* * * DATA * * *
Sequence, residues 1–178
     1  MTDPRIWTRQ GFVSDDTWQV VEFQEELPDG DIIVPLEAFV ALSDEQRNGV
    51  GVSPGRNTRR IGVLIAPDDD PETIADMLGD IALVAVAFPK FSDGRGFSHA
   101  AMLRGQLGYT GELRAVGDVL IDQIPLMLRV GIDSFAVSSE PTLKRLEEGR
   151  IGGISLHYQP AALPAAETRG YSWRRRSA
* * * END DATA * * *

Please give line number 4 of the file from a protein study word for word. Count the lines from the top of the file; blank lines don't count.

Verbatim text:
   101  AMLRGQLGYT GELRAVGDVL IDQIPLMLRV GIDSFAVSSE PTLKRLEEGR